Special Teams Come Through in the Clutch

Oct. 28, 2007

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by Sean Neugent

IOWA CITY — They may be listed as freshmen in the game program, but punter Ryan Donahue and kicker Daniel Murray performed like seasoned veterans Saturday in helping the University of Iowa inch closer to a bowl berth after a thrilling 34-27 double-overtime victory against Michigan State.

The Hawkeye special teams, which have not played much of a significant role to date, sparked Iowa with a strong punting and kicking game. Murray came up with a career-best 10 points while Donahue took advantage of the wind as he punted the football eight times for a 51.6-yard average.

“Donahue and Murray had great games,” said Iowa quarterback Jake Christensen. “Donahue punted his butt off all day long. I think it was fourth-and-1 and we could have gone for it — the fans started booing when we didn’t go for it — and then we get an 82 yard punt and you kind of realize coach’s motives behind it.”

Murray has not been given many opportunities this year, but Head Coach Kirk Ferentz gave him three chances and Murray did not disappoint. The kicker converted 2-of-3 field goals, with both makes coming from beyond 40 yards. His first kick was a personal career-long 43-yarder before setting another personal best from 47 yards out later in the game. It marked the third time this season that Murray has made at least two field goals during a game (at Wisconsin and at Purdue). His miss came in the fourth quarter when he was wide left on a 40-yard attempt. Sophomore Austin Signor has been utilized mainly as the kickoff specialist.

Here’s another unexpected turn: Donahue’s 82 yard punt that nearly stopped dead at the Spartan’s 1-yard line before rolling into the end-zone ranks second-best in school history. The only player to punt further was in 1962 when Lonnie Rogers booted an 83-yarder against Oregon State. Donahue did not stop there as he also had punts of 55, 53, 50, 49 and 46 yards.

“He can be a great punter,” senior long snapper Dan Olszta said. “Every game he has improved more and more and this has probably been his best game. He has been more comfortable with what he is doing and he is improving every week, which is what we want.”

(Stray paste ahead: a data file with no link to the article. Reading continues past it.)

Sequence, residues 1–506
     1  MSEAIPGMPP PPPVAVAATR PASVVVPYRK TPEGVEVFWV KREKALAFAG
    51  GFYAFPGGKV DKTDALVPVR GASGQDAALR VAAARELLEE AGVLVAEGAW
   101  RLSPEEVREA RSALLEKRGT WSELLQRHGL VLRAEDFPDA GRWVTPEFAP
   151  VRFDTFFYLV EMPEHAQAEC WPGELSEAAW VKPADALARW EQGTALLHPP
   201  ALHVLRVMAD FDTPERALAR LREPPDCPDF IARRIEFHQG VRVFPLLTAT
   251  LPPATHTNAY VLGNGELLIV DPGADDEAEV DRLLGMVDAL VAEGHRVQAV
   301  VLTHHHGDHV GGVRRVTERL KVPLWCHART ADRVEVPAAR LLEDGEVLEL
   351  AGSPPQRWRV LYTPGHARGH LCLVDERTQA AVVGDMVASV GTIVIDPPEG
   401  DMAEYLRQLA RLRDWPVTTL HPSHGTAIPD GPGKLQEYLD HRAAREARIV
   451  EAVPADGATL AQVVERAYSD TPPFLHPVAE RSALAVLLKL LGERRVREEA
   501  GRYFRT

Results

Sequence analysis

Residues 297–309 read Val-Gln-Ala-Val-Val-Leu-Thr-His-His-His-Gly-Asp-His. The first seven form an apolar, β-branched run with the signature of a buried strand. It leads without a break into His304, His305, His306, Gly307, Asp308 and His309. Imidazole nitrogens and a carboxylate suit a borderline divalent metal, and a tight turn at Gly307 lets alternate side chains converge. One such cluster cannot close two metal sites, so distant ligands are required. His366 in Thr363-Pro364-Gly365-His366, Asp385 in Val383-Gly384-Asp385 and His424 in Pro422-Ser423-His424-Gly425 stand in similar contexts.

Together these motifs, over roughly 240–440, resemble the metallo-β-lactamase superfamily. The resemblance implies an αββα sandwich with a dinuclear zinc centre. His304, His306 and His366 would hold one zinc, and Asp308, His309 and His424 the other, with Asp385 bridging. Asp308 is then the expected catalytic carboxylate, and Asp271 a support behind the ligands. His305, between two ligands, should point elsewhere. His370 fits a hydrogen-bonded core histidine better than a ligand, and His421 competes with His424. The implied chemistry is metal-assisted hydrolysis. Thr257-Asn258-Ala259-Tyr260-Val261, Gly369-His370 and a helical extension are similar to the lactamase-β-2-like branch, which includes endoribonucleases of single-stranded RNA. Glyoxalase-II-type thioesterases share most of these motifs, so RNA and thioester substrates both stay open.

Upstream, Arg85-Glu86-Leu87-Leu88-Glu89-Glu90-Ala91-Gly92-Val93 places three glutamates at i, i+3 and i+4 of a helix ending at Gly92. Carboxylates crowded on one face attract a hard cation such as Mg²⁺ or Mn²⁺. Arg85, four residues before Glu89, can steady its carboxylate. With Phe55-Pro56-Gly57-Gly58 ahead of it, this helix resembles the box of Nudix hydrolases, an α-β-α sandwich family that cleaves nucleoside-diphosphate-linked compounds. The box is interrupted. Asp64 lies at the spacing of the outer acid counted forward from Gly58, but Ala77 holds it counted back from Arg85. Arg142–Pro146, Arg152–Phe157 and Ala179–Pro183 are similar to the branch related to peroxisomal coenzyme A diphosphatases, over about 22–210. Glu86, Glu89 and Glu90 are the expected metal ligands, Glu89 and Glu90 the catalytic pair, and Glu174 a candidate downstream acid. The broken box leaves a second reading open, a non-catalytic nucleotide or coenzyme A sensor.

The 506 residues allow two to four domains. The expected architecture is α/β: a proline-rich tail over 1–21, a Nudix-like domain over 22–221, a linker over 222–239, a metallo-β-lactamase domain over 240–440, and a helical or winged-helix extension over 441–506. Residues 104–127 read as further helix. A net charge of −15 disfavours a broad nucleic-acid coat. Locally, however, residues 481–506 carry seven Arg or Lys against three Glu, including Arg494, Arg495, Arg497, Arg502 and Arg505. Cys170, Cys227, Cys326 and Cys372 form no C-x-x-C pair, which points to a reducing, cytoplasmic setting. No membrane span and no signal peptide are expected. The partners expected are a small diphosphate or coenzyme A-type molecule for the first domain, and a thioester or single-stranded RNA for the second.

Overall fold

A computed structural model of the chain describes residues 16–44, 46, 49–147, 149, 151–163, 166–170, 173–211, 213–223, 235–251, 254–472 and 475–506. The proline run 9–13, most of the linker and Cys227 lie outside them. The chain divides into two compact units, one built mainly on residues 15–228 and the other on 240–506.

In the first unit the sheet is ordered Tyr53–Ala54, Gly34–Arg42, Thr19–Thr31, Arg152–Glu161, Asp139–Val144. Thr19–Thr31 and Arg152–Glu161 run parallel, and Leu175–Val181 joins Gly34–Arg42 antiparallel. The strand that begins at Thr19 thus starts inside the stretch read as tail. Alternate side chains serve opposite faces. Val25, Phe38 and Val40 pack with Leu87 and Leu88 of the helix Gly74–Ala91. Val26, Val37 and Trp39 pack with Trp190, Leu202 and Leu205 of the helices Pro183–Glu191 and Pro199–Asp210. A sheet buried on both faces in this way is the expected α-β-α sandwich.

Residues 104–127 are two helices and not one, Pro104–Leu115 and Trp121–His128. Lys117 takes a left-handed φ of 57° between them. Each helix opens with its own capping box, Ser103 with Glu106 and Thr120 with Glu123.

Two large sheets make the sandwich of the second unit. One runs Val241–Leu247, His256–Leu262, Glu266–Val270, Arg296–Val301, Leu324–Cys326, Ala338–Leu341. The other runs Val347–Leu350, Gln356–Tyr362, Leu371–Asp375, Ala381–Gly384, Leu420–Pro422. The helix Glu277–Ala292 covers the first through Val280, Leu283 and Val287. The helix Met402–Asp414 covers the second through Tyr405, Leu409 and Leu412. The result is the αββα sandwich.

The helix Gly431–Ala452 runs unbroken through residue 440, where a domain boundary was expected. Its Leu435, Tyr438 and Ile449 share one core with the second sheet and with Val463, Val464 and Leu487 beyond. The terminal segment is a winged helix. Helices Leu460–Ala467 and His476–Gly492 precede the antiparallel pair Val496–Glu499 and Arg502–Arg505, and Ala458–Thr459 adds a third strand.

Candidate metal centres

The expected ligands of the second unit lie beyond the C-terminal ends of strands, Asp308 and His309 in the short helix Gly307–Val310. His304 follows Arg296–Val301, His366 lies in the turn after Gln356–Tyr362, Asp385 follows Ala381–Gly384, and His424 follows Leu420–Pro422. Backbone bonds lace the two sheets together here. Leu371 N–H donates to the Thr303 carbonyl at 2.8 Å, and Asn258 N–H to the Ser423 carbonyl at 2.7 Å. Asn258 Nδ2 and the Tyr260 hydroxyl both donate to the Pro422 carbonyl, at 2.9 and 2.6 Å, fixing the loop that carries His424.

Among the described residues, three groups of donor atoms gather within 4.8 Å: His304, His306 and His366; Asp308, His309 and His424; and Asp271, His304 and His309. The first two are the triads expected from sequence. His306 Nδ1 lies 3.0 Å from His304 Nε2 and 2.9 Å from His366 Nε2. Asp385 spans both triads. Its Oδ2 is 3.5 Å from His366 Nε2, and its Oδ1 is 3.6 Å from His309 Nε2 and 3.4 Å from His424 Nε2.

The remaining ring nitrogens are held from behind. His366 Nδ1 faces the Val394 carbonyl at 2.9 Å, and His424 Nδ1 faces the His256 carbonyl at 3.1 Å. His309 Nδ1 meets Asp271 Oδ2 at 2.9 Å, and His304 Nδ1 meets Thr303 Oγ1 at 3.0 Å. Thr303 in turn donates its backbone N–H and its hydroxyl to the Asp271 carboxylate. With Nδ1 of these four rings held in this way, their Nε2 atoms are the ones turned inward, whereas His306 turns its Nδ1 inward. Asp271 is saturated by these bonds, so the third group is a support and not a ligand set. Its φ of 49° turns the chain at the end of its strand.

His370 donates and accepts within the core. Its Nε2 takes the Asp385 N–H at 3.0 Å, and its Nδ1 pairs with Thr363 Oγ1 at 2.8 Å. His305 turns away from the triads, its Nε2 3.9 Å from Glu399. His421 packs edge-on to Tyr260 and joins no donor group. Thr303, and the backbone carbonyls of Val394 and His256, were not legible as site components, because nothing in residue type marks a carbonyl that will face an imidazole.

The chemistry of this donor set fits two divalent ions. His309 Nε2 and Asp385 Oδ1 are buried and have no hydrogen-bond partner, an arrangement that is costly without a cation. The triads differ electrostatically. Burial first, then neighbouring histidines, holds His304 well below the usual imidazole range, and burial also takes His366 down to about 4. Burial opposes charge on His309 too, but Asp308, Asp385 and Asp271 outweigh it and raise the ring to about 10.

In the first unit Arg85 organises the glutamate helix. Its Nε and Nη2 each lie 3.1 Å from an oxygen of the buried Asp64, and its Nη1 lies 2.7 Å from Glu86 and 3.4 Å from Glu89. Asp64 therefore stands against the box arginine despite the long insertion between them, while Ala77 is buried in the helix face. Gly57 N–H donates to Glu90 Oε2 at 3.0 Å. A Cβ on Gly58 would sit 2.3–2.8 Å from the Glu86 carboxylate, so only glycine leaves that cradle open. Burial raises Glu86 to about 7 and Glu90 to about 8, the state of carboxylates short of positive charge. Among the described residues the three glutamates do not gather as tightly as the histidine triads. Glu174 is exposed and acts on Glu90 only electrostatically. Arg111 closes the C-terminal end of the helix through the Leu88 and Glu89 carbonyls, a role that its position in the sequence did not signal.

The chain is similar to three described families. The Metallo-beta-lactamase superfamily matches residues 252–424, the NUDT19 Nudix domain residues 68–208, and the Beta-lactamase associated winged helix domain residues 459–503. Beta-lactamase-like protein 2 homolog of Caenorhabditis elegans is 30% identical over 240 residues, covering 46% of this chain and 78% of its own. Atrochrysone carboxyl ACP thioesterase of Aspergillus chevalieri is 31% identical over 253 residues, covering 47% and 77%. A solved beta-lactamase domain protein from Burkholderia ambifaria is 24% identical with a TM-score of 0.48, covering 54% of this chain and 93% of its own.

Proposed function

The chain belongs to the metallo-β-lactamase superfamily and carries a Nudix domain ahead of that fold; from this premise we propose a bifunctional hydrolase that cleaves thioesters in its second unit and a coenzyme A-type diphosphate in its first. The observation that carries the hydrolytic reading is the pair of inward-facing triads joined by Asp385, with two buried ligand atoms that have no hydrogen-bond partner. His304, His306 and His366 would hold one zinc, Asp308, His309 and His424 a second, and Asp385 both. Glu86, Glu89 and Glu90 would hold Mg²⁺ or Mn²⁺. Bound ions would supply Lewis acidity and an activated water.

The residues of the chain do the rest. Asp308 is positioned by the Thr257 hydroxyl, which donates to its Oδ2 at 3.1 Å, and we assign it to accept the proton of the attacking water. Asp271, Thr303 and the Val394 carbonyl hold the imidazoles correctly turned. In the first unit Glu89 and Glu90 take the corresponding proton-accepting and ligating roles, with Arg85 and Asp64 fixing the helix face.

“The punt looked pretty good to us,” Ferentz said. “Every game for us is going to be tough, so the special teams are really critical. They are playing more mature. Signor has been doing a great job on the kickoffs and Dan Murray gives you a good feeling. All three of those guys are really thinking right, right now and concentrating.”

As Halloween approaches, the Iowa- Michigan State game certainly provided an odd and eerie sensation. The Hawkeyes appeared to be ghosts in the first half, mustering 71 offensive yards. They came out in the second half like a group of goblins ready to pounce on the Spartan’s every move. It was a day where Christensen threw for only 53 yards and a touchdown, with most of the yards coming in the two overtimes. Running back Albert Young appeared as the invisible man and the Spartan defense had trouble finding him throughout his 179 yards and two touchdowns. And the unlikely winning touchdown came from third-string running back and lone uninjured ranger, Jevon Pugh, who came in after Young took himself out with a shoulder injury.

Murray and Donahue showed a glimpse of a bright future for the very young Hawkeye team. Iowa has three games remaining on the regular-season schedule with a tough road game against Northwestern before coming back to historic Kinnick Stadium to play Minnesota and Western Michigan. The Hawkeyes need at least two more wins to secure a bowl bid, and they hope the double overtime momentum will continue on into the final games.

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